This post was written in collaboration with Ellen Mulligan.
The Great Mississippi Flood of 1927 was the worst flood in U.S. history.
Following the mass destruction caused by the flood, the U.S. Army Corps of Engineers expanded the existing levee system to more than 3,500 miles, making it the longest in the world. Plans and progress from 1938 are illustrated below.
The levees were meant to decrease flooding along the river, but after subsequent major floods some believe that this altering of the course of the Mississippi has increased flood damage during storms. The films below show construction of levees along the Mississippi.
This film includes intertitles describing the project, including levee specifications. I found it interesting that in addition to providing information regarding the height of the tower and the generator used, at 2:28 they also tell the cost of running the levee. I was pretty amazed at the cost to operate one levee, which is listed as $20,000/month. In today’s dollars that is $274,000.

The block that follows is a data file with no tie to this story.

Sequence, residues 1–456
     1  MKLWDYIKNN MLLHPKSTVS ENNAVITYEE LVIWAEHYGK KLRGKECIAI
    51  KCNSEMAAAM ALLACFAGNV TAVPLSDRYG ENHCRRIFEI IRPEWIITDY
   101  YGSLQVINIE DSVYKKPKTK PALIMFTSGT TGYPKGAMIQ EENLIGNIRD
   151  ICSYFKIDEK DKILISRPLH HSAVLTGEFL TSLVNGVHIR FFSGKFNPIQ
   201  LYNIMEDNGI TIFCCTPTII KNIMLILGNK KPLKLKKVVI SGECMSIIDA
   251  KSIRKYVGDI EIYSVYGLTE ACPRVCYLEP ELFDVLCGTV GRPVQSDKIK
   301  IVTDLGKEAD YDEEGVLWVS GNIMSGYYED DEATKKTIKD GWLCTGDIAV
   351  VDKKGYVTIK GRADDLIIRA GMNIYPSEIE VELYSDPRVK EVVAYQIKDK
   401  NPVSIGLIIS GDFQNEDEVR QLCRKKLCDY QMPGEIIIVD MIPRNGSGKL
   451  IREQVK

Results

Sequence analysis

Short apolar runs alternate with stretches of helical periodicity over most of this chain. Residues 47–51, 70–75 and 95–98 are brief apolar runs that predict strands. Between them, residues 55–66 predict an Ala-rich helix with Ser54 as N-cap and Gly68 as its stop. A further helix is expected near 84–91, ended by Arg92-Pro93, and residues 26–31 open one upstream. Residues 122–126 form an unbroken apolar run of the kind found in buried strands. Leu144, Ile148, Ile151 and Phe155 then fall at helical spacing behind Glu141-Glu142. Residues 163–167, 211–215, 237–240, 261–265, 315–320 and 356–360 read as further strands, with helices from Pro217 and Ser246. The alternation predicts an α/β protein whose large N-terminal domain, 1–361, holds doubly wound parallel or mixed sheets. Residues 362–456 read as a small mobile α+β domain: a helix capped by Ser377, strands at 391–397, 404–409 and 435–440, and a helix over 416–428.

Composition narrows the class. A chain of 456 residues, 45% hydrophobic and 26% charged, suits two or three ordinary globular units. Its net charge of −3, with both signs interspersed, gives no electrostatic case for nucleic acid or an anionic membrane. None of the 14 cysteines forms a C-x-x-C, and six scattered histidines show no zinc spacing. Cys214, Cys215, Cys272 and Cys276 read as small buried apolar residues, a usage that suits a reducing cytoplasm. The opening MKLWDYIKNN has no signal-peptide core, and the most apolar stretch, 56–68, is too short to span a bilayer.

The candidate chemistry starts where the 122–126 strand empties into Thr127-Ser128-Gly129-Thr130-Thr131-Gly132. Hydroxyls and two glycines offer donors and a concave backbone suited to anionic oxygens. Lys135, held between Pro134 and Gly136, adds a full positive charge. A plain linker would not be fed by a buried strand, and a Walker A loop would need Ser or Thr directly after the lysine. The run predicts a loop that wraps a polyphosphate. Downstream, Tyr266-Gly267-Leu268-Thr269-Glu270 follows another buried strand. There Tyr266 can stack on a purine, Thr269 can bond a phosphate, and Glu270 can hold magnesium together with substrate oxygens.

Levees also attempt to control the river’s ever-changing course. Channels change course due to the constant movement of sediment and erosion of banks. Compiling survey information from 1765 to the 1930’s, this map shows changes in the river channel in the Arkansas City area featured in the film above.
Click on the images above for a slide show at full size.
Levees are also intended to prevent flooding from storm surges like the flooding caused by Hurricane Katrina in August 2005. A follow-up post will feature records related to that storm. More records relating to levees on the Mississippi River can be found by searching our catalog.
*The links to these catalog entries are currently broken. We apologize for any inconvenience.